From ANSA comes news of another site which we probably should start being concerned about:
The mayor of Cassano allo Jonio in the southern region of Calabria on Monday appealed to President Giorgio Napolitano for help in tackling the emergency at the local Sybaris archaeological site due to recent flooding.
The ancient remains were overrun by 200,000 cubic metres of water on January 18 after the nearby river Crati burst its banks following heavy rainfall.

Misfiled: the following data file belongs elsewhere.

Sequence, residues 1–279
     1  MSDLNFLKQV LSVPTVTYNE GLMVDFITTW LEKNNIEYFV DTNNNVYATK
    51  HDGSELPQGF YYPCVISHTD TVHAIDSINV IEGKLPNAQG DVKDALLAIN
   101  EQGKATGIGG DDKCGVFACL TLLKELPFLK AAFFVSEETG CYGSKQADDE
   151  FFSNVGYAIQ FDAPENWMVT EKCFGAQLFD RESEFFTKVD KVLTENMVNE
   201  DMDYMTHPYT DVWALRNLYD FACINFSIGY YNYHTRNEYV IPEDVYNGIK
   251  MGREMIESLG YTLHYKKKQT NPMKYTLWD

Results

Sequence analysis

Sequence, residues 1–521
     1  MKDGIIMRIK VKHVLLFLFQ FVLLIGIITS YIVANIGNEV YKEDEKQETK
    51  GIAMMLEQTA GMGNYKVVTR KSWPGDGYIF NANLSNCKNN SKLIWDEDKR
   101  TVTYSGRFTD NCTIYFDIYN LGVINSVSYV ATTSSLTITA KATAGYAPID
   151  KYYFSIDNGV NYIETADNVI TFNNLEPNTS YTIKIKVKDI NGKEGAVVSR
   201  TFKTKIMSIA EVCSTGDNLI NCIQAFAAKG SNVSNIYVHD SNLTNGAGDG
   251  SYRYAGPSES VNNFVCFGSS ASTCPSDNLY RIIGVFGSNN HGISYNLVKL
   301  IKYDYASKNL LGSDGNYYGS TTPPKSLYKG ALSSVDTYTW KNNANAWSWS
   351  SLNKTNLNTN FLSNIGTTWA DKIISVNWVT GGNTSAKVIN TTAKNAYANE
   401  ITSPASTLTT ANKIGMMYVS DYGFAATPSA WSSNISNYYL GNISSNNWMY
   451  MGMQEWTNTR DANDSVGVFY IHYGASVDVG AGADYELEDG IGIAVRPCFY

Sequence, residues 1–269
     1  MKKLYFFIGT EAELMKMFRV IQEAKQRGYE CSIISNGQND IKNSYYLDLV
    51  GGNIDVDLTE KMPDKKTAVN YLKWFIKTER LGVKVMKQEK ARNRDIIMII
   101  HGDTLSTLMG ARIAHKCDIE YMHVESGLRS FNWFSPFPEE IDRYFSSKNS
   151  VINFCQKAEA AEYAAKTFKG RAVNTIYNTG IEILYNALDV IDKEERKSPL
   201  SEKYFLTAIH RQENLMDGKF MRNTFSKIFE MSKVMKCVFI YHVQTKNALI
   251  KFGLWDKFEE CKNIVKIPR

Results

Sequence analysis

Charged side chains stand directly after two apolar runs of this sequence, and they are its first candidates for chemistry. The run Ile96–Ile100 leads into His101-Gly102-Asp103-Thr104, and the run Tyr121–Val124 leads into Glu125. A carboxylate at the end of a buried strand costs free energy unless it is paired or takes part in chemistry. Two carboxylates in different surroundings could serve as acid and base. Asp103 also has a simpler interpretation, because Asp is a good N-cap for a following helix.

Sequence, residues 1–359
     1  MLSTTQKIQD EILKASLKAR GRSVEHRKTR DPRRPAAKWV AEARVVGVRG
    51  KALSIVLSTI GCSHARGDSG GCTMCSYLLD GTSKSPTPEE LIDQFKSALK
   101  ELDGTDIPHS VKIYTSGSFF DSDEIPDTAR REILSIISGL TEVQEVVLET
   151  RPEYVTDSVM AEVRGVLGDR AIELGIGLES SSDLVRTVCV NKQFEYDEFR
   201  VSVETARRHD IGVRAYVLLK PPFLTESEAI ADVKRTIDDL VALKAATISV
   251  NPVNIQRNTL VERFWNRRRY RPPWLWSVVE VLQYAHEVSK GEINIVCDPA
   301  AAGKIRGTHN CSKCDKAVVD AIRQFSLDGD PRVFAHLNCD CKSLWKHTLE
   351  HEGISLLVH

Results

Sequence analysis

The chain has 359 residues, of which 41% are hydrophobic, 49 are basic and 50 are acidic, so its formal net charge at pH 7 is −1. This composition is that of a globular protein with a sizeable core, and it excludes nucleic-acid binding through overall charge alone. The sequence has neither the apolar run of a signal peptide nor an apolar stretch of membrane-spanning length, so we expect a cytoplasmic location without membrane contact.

Since then the fire and civil protection departments have been working to pump the water out of the site but there is concern over the remaining mud, which could become difficult to remove. Meanwhile numerous individuals and associations have offered to help with clean-up operations and Italy’s academic community has also rallied in support of the site, whose remains testify to the three successive settlements, the Greek colonies of Sybaris and Thurii and the Roman city of Copia, that once stood there. There is concern particularly for the Roman remains (2nd century BC-7th century AD), which lie closest to the surface and are rich in frescoes and mosaics. Here “the force of the water, which covered five hectares in the Parco del Cavallo area, even caused walls to crumble,” site director Silvana Lupino said. The priority now is to quantify the damage, with the cost of restoration possibly running to hundreds of thousands of euros. Lupino said it would “take months” to remove the mud with the help of “specialised teams” in support of the site’s technical staff. The excavations have been temporarily closed to the public although the management hopes they will reopen in time for the summer tourist season.